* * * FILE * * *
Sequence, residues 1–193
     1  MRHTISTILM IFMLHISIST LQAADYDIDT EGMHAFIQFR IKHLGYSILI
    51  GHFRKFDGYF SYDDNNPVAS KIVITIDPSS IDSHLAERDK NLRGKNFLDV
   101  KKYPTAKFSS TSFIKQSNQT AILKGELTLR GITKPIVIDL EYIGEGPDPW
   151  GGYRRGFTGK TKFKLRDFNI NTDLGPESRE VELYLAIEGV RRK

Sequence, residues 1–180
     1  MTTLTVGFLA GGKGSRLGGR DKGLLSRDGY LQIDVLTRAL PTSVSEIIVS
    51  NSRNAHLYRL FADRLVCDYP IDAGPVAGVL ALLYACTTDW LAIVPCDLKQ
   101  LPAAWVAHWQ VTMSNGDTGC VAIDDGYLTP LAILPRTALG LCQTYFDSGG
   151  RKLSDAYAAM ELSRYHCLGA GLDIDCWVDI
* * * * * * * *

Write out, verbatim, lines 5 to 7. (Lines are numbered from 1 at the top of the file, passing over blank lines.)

   151  GGYRRGFTGK TKFKLRDFNI NTDLGPESRE VELYLAIEGV RRK

Sequence, residues 1–180
     1  MTTLTVGFLA GGKGSRLGGR DKGLLSRDGY LQIDVLTRAL PTSVSEIIVS